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new year

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Polka dots, open windows and crisp bills — 5 quirky Filipino New Year traditions explained

Filipino New Year Traditions
  • New Year’s Eve remains one of the biggest festive celebrations in the Philippines.
  • Nany Filipinos celebrate with traditions associated with past generations’ superstitions and beliefs.

New Year’s Eve in the Philippines is not complete without the practice of a few quirky superstitions and traditions.

The day before Jan. 1 sees one of the biggest festive celebrations in the Philippines. In addition to the typical fireworks, many Filipinos celebrate with traditions associated with past generations’ superstitions and beliefs: 

Boy Blows Up Sidewalk After Dropping Sparkler in Manhole During Chinese New Year Festival

It’s time to ring in the Year of the Pig, but one boy in China almost didn’t make it into the New Year after playing with fireworks and setting off an explosion that destroyed part of the sidewalk.

The incident was caught on surveillance video as the 8-year-old boy appeared to be playing with lighted sparklers and dropping one into a manhole cover during Spring Festival celebrations in the Inner Mongolian city of Chifeng on January 30, according to Shanghaiist.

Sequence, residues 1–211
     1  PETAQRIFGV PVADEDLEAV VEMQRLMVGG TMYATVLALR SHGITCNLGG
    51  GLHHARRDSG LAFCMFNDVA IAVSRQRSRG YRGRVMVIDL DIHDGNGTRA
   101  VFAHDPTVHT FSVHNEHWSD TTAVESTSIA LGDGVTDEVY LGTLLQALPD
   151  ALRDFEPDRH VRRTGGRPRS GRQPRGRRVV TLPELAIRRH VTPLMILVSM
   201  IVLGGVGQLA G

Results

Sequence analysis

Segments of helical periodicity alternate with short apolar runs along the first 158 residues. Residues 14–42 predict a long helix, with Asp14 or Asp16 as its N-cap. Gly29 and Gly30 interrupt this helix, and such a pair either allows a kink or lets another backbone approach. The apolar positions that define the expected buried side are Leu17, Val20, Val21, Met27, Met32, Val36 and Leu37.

Naomi Osaka Appears in First TV Commercial in Cup Noodles Ad

Naomi Osaka

The 2018 U.S. Open champion, Naomi Osaka, just made her first appearance on a Japanese television ad, starring alongside fellow tennis player and countryman, Kei Nishikori, for Nissin cup noodles.

In the New Year ad, Osaka and Nishikori are pitted against each other in what appears to be a tennis match, until it is revealed that they are actually playing a game of hanetsuki, a traditional Japanese game involving rectangular wooden bats called hagoita often played during New Year’s, according to SoraNews24.

My New Year’s Resolution is to Embrace My Asian Heritage

theNotice Rae Chen

My New Year’s resolution for 2018, as I’ve been jokingly telling my friends and family for the past month, is to “be more Asian.” That’s an oversimplification, of course, but the intent is there. For the next 12 months, I’m focusing on different ways that I can embrace my Asian heritage through concrete goals.

In the spring of 2017, I visited China for the first time as an adult. It was an amazing, immersive, food-filled experience (have you ever had those deep fried mochi balls with taro filling? They’re divine), but it felt different to be there as an adult than it did as a child. Amidst all of these dynamic, accomplished people who looked like me … I found myself acutely lonely. 

Chinese President’s Bookshelf Reveals He’s Studying the World’s Next Game Changer

It has been a tradition for Chinese president Xi Jinping to address his citizens from inside his office at the beginning of the year, offering wishes and stating his plans for the coming months. This time, he has vowed that China will be the keeper of international order.

And with his New Year’s Day greeting, the bookshelf behind him has also become the subject of a customary inspection for some observers, according to Quartz.